I can't say I am very excited about the book. It feels strange because it resembles a 19th century novel in the little incidents that are described that do not move the plot but are there to enrich the story and the various characters presented that are again not essential to the plot.
At the same time, the language used and the style do not have the richness or elegance of those novels.

I will keep on reading of course to see where the plot leads to.

Ber - I found the bit where Lemmington Spa is mentioned!! I thought imeediately of you and your post. :)


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PostPosted: Tue 17 Jan , 2006 7:27 am 
Another bright red day
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!!!!!!

Susanna Clarke is apparently working on another novel set in the same 'world.' There's speculation, which I agree with, that it will be ablout Childermass and Vinculus. Childermass was possibly my favourite character, and we definitely haven't heard the end of the book. I would love it if she wrote a book about those two! :D

:sunny:

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PostPosted: Wed 18 Jan , 2006 1:36 pm 
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I just finished reading this novel two nights ago, having found it to be a most agreeable romp.

Vison, I sympathise with your irritation where the "faux-ancient style" was concerned. If she wrote "shewing" One More Time!

Also in some places, I found the characterisation a little patchy, and I do like a strong character. Perhaps that was an asset in some ways - the hunger to find out more about Childermass kept me going with the narrative lagged - but in others I found it inhibited my ability to engage on an emotional level.

Nonetheless, I thought it was an excellent read in imaginative terms. Considering my distrust of fantasy, that's no mean accolade!

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PostPosted: Fri 20 Jan , 2006 4:00 am 
Another bright red day
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Leoba wrote:
Perhaps that was an asset in some ways - the hunger to find out more about Childermass kept me going with the narrative lagged - but in others I found it inhibited my ability to engage on an emotional level.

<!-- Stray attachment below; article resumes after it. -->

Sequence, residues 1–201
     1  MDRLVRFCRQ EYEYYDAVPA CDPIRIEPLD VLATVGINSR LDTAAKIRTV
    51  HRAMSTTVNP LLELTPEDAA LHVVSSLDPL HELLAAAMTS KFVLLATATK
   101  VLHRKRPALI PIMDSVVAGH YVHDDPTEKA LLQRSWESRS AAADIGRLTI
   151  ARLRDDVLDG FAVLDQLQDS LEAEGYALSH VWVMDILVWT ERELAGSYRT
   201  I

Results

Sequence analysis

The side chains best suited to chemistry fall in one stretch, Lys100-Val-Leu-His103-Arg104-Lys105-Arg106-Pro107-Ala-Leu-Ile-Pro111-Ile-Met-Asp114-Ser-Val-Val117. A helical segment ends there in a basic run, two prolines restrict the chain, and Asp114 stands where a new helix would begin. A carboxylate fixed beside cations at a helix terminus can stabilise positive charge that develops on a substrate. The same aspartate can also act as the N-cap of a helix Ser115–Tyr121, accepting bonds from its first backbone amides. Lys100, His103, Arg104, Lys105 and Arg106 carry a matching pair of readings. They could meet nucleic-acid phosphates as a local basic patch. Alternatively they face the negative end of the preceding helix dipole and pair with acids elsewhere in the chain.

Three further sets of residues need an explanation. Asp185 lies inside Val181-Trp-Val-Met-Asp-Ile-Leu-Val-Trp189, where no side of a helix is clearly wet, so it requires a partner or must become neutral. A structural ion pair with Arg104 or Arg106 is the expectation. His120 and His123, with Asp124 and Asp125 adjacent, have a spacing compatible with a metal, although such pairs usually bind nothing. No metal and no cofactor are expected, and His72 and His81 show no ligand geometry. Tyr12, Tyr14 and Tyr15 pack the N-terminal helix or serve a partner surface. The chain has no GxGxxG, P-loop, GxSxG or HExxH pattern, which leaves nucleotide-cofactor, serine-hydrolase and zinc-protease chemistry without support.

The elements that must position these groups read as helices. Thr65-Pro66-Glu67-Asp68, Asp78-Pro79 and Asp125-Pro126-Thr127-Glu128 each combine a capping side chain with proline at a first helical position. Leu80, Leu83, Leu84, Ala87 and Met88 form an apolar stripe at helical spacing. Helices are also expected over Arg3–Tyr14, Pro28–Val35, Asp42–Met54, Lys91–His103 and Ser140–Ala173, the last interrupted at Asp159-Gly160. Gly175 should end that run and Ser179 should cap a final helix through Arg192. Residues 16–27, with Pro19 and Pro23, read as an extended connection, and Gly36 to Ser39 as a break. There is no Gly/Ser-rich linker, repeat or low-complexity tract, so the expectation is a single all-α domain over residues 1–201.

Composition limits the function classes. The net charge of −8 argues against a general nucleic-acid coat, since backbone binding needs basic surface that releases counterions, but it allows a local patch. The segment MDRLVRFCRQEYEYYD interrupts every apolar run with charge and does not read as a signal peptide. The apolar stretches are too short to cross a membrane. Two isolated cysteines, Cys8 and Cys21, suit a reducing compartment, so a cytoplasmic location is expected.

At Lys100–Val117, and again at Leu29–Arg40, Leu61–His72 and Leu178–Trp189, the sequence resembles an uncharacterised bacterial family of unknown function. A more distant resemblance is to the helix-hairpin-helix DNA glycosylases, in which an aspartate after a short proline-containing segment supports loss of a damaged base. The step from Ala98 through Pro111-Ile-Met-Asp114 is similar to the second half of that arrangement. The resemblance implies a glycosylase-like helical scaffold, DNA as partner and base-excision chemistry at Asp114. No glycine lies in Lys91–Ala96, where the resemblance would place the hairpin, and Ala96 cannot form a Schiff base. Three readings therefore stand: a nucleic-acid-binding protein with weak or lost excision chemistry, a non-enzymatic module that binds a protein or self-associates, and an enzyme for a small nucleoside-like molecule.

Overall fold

:yes:

Childermass was easily my favourite character in the book. He was mysterious and intriguing and all around wonderful and well written. I really hope he shows up in Clarke's next book, as I still want to know more about him!

Which characters did you think weren't well developed? Strange and Norrell were, to my mind, very real and fleshed out. Arabella and Stephen Black and the Gentleman were well written as well.

Now I want to read it again. There are too many books out there. :help:

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Last edited by MaidenOfTheShieldarm on Tue 31 Jan , 2006 2:44 pm, edited 1 time in total.

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PostPosted: Tue 31 Jan , 2006 11:47 am 
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I've just started it Mossy. I'm about 40 pages in so far and avoiding spoilers. Don't let that curb what anyone writes though. It must be very hard to keep up that style without putting a foot wrong and I am guessing that the author is in love with the language of the time. It does allow for delicate irony though. I'm sufficiently intrigued to want to keep going.

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PostPosted: Thu 17 Aug , 2006 11:04 pm 
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I'm definitely going to find this book.

Andri: Glad to hear I'm not the only person who sorts my books like that. :) My "to-read" shelf is right by my computer. :D

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PostPosted: Mon 28 Aug , 2006 9:54 pm 
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I found this book at my local Wally World for $6. I think this is the first time I've EVER seen them selling books. Seriously..

Anyways, I'm probably a day away from starting it...I want to finish the book I'm reading now before I start a new one.

So excited.